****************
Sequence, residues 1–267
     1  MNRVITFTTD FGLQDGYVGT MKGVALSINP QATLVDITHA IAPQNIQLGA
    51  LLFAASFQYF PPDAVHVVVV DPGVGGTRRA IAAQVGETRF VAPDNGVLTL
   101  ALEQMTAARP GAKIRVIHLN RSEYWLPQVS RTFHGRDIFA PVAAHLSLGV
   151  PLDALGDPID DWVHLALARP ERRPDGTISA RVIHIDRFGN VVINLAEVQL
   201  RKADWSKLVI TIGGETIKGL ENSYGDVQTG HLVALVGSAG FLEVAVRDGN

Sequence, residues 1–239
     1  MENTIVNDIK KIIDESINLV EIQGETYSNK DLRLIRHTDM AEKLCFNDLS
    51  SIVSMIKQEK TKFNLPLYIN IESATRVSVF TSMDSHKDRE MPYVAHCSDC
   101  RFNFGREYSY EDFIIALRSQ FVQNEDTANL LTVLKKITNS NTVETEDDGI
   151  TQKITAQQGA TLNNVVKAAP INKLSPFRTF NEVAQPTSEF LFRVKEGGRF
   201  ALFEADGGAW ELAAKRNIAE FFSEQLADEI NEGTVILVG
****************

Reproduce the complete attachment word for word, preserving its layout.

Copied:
Sequence, residues 1–267
     1  MNRVITFTTD FGLQDGYVGT MKGVALSINP QATLVDITHA IAPQNIQLGA
    51  LLFAASFQYF PPDAVHVVVV DPGVGGTRRA IAAQVGETRF VAPDNGVLTL
   101  ALEQMTAARP GAKIRVIHLN RSEYWLPQVS RTFHGRDIFA PVAAHLSLGV
   151  PLDALGDPID DWVHLALARP ERRPDGTISA RVIHIDRFGN VVINLAEVQL
   201  RKADWSKLVI TIGGETIKGL ENSYGDVQTG HLVALVGSAG FLEVAVRDGN

Sequence, residues 1–239
     1  MENTIVNDIK KIIDESINLV EIQGETYSNK DLRLIRHTDM AEKLCFNDLS
    51  SIVSMIKQEK TKFNLPLYIN IESATRVSVF TSMDSHKDRE MPYVAHCSDC
   101  RFNFGREYSY EDFIIALRSQ FVQNEDTANL LTVLKKITNS NTVETEDDGI
   151  TQKITAQQGA TLNNVVKAAP INKLSPFRTF NEVAQPTSEF LFRVKEGGRF
   201  ALFEADGGAW ELAAKRNIAE FFSEQLADEI NEGTVILVG